by: Mike Estadt, OSU Extension, firstname.lastname@example.org
The Ohio State University Extension is pleased to announce the Regional Ag Outlook and Policy Meetings for 2022. Meetings will be held around the state beginning the last of January and ending in March.
Speakers will address a myriad of topics of agriculture interest here in Ohio as well as across the Corn Belt. Programs will include presentations on Grain Market Outlook, Ag Law Updates, Dairy Industry 2022, Ohio’s Changing Climate, Farm Policy, and Farm Bill, SB 52: Utility Solar Legislative, Farm Real Estate, and Cash Rent Trends, Ag Input Price Projections, and Federal Tax Updates.
New to this year’s program is the statewide sponsorship and support of the Ohio Corn and Wheat Growers Association.
“We are proud to partner with Ohio State University Extension educators across the state to support this year’s agronomy, outlook, and grower meetings. We value this partnership and look forward to supporting programs that bring value to our member’s farm businesses”, according to Brad Moffitt, Director of Membership and Market Development for the Ohio Corn and Wheat Growers Association.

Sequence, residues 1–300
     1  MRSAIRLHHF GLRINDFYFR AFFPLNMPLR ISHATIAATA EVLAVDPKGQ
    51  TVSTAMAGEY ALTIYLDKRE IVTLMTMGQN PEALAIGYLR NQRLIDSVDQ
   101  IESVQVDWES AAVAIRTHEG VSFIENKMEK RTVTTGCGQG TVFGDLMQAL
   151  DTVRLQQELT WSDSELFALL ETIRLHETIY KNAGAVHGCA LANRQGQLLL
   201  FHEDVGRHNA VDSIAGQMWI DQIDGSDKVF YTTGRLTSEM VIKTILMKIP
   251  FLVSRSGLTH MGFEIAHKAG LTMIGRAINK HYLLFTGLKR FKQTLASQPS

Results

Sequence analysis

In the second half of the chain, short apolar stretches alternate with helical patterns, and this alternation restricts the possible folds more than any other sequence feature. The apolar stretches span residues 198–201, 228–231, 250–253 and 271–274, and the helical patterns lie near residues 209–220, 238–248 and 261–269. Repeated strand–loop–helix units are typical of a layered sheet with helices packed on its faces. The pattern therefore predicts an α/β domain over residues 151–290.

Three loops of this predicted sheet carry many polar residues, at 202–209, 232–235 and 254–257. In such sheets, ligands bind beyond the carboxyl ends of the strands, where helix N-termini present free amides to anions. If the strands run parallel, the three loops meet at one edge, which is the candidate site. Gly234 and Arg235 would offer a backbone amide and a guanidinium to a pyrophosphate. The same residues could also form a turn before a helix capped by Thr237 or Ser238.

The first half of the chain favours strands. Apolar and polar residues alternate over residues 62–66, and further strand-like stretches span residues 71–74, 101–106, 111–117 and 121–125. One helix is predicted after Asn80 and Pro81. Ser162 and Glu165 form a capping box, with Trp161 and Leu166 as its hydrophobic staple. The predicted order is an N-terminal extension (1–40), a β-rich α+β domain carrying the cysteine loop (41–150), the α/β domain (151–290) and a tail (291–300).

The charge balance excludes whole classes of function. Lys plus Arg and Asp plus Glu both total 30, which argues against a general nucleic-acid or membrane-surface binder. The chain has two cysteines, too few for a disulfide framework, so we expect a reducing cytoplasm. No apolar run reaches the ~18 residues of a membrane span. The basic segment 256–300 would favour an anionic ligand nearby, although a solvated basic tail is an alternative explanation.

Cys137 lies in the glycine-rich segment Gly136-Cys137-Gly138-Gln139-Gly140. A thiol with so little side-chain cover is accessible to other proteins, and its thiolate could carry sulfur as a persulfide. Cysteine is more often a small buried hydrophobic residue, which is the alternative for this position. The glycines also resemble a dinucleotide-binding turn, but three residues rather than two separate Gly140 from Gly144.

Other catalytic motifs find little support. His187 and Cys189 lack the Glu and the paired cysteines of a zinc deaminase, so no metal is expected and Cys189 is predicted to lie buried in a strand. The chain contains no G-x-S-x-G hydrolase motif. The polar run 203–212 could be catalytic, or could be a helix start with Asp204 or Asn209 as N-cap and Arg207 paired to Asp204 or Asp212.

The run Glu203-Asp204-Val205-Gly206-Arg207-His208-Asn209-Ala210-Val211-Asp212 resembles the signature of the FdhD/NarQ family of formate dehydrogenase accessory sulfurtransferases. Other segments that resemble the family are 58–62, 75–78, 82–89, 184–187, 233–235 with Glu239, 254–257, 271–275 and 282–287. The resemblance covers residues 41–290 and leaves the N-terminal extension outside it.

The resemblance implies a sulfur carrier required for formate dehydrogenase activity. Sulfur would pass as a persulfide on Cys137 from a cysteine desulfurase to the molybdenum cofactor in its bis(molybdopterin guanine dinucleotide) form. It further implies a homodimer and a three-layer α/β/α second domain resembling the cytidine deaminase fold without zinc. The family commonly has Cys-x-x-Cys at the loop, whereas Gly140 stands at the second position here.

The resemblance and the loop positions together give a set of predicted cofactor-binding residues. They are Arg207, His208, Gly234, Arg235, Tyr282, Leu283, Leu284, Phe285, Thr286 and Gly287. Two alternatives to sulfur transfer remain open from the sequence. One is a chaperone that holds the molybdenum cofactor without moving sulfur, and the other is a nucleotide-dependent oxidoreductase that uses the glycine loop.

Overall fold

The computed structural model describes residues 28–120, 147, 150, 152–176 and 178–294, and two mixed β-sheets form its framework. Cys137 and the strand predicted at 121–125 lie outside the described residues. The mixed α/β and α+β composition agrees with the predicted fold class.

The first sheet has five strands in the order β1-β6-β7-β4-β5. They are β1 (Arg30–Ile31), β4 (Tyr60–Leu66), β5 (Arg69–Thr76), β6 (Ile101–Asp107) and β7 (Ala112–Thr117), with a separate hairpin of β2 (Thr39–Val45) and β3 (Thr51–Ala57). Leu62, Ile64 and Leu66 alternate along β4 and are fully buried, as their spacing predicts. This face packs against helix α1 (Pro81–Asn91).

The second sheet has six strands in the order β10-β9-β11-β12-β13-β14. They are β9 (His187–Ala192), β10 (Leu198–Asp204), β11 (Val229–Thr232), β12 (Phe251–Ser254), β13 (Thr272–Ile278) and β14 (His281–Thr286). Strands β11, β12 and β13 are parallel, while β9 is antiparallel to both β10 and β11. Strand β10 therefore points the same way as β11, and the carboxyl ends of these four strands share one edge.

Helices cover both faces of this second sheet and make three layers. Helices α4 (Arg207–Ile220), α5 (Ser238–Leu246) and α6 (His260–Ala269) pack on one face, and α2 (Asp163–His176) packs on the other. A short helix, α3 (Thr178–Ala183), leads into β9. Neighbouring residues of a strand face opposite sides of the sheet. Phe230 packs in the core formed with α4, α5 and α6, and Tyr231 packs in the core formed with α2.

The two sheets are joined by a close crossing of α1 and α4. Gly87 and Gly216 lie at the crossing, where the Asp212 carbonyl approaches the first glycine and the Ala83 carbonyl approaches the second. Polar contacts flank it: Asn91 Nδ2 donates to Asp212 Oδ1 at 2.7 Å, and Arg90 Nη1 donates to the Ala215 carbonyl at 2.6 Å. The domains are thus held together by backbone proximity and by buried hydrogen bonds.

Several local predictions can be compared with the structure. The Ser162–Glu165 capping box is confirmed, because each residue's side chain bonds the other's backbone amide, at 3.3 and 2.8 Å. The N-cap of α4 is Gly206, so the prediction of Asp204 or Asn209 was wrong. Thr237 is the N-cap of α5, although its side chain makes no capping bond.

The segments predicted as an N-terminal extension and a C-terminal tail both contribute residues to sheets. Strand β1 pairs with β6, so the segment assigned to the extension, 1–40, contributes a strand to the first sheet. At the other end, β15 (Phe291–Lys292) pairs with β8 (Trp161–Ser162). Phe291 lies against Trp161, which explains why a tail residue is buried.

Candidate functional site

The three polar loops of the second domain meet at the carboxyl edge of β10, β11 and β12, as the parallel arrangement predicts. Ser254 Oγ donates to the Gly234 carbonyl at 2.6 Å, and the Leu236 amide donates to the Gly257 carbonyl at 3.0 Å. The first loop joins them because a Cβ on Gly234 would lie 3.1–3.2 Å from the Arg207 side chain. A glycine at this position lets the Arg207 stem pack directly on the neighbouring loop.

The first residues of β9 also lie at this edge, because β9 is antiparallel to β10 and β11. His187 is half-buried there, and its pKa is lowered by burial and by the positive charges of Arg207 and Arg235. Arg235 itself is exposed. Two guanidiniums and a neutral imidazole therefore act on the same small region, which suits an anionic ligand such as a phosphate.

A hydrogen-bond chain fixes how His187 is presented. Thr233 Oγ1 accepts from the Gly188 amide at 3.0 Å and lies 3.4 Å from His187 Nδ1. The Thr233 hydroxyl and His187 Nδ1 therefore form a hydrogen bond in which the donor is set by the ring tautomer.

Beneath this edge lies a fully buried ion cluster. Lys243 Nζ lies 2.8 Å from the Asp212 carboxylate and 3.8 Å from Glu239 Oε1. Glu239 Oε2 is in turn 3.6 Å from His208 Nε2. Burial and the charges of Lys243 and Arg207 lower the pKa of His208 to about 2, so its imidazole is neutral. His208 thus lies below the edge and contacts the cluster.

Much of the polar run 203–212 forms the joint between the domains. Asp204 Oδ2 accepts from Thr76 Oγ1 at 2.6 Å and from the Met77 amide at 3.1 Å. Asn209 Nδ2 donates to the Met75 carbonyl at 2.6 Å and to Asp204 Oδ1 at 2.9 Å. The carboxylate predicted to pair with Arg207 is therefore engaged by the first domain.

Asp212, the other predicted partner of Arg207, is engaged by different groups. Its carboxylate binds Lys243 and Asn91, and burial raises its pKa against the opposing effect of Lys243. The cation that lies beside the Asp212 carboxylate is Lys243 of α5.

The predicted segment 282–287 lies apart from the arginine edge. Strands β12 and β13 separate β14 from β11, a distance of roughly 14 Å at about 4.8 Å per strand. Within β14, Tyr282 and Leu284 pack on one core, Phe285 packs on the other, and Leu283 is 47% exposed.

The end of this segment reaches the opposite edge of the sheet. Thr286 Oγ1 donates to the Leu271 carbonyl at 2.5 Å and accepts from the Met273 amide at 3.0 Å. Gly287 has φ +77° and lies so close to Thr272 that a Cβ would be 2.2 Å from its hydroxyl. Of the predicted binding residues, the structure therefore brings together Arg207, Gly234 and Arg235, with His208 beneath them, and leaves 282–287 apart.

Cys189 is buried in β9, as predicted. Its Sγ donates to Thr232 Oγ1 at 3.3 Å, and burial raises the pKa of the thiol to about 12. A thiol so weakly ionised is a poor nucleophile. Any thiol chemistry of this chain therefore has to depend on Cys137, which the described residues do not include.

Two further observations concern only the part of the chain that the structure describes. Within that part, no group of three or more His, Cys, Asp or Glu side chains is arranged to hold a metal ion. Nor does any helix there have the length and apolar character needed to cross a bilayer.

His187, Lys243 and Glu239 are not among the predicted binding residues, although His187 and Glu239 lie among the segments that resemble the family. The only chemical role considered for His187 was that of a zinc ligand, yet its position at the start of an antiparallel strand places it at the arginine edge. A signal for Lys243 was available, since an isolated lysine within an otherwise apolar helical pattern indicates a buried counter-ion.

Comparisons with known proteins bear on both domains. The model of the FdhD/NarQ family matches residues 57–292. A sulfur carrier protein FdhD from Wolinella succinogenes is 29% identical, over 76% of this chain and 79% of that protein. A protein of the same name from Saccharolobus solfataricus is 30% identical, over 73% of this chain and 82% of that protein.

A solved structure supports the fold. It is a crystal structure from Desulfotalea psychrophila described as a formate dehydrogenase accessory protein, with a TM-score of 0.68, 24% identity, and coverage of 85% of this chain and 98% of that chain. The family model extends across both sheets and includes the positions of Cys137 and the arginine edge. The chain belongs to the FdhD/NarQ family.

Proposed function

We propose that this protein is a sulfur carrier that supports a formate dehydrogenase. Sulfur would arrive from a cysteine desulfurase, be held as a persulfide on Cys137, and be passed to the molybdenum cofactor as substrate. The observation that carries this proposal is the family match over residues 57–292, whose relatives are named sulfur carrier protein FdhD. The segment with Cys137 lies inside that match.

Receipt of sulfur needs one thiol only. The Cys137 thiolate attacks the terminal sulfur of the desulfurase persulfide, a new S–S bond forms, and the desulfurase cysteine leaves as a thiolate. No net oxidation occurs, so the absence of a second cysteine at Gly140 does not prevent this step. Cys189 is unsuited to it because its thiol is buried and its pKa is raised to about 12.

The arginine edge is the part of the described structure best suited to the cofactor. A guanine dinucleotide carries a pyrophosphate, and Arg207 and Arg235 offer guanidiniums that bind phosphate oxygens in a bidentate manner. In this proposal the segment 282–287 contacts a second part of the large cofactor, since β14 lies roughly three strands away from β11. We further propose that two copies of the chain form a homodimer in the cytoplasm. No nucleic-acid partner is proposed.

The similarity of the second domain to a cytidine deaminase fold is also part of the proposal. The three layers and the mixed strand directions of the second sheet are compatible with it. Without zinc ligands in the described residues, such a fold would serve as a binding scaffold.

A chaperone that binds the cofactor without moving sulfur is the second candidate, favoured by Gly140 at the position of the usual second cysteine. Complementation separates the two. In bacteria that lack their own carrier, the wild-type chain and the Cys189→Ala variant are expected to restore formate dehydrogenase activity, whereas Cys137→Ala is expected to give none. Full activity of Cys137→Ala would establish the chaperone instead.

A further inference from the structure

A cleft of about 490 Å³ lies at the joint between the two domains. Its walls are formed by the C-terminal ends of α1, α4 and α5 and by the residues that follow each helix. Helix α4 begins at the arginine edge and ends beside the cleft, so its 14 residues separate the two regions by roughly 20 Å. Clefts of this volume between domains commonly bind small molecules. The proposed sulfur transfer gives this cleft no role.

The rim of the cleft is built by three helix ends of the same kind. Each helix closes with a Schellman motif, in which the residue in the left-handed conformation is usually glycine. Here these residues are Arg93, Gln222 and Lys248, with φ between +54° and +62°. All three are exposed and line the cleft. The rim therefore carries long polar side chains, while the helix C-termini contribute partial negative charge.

The following table lists the scheduled Outlook programs with contact information to register. Continue reading
by: Barry Ward, Leader, Production Business Management, Director, OSU Income Tax Schools, College of Food, Agricultural and Environmental Sciences, OSU Extension
Ohio cropland varies significantly in its production capabilities and, consequently, cropland values and cash rents vary widely throughout the state. Generally speaking, western Ohio cropland values and cash rents differ from much of eastern Ohio and parts of southern Ohio cropland values and cash rents. The primary factors affecting these values and rates are land productivity and potential crop return, and the variability of those crop returns. Soils and drainage capabilities are the two factors that heavily influence land productivity, crop return, and variability of those crop returns.
Other factors impacting land values and cash rents may include buildings and grain storage, field size and shape, field accessibility, market access, local market prices, field perimeter characteristics and potential for wildlife damage, previous tillage system and crops, tolerant/resistant weed populations, population density, USDA Program Yields, and competition for the cropland in a region. Ultimately, the supply and demand for cropland will determine the value or rental rate for each parcel. Continue reading